Examination of the factors which differentiate dieters and non-dieters, both those satisfied, and those dissatisfied with their bodies (1997)
Type of ContentTheses / Dissertations
Degree NameMaster of Arts
PublisherUniversity of Canterbury
This project set out to examine the factors which differentiate women who do and do not diet, and those who are and are not satisfied with their bodies, amongst a non-clinical sample of 56 women from in and around the Christchurch community. This project had three main aims: (i) to identify those factors which differentiate dissatisfied dieters from dissatisfied non-dieters, in an attempt to understand the link between body dissatisfaction (an affective state), and dieting (a behaviour); (ii) to identify those factors which underlie dieting in women who are satisfied with their body, and (iii) to identify those factors which differentiate non-dieting women who are satisfied with their body, from women who are either dissatisfied with their body, and/or diet. A number of differing factors were examined, most of which had been previously identified as being associated with body dissatisfaction, and/or dieting behaviour: age, depression, self-esteem, teasing, societal ideals, exercise, and weight preoccupation. Effects were found only for age, and for the internalization of societal norms. Women who were satisfied with their body were significantly older than women dissatisfied with their body, and dieters, were significantly older than non-dieters. Those women who were satisfied with their body were also less likely to internalize societal norms regarding the thin ideal. In order to test the specific aims of this project, Planned Comparisons were conducted between the dissatisfied dieters and the dissatisfied non-dieters, between the satisfied dieters and the dissatisfied dieters, and between the satisfied non-dieters and the other three participant groups. Significant effects were found for the internalization of societal norms, whereupon the satisfied non-dieters were significantly less likely to internalize societal norms regarding the thin ideal. The results are discussed in terms of the impact in which societal norms has on a women's behaviour.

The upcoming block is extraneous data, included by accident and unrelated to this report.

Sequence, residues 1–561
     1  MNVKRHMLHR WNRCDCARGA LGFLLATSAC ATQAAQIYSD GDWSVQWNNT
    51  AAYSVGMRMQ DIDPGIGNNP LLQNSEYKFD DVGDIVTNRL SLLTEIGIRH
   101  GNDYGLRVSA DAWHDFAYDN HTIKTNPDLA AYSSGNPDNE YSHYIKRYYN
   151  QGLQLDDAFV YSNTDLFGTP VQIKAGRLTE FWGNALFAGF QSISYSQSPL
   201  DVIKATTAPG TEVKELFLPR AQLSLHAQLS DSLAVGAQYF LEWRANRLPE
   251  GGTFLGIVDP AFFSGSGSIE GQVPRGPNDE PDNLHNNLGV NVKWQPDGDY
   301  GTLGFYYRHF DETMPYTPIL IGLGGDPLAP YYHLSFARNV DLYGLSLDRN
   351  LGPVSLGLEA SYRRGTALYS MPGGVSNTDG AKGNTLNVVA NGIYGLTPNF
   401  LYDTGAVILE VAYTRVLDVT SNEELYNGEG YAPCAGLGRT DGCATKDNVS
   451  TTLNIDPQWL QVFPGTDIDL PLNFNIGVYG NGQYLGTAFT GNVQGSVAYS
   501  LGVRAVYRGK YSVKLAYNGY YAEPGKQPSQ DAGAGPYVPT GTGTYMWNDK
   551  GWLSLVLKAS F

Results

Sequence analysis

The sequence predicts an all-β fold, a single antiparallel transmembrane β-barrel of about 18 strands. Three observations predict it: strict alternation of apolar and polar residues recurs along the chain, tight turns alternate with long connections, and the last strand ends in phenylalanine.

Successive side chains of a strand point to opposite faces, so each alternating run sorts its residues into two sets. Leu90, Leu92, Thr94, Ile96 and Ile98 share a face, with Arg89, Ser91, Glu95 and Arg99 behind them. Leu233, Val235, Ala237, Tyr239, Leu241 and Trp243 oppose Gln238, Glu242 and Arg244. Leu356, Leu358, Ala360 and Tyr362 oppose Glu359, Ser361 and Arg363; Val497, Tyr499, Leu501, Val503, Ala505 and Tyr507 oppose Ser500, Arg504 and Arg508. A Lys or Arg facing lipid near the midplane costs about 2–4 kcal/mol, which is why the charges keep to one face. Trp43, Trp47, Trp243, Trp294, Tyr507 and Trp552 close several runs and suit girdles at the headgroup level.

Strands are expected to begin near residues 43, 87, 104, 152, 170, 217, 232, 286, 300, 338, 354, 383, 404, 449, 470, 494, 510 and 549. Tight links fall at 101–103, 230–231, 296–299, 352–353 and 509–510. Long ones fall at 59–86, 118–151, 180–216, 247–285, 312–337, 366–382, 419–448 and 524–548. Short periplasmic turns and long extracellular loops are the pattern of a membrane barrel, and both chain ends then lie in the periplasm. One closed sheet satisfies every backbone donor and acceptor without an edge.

KeywordsDieters--Psychology; Body image; Reducing diets--Psychological aspects; Eating disorders; Self-acceptance
RightsAll Rights Reserved
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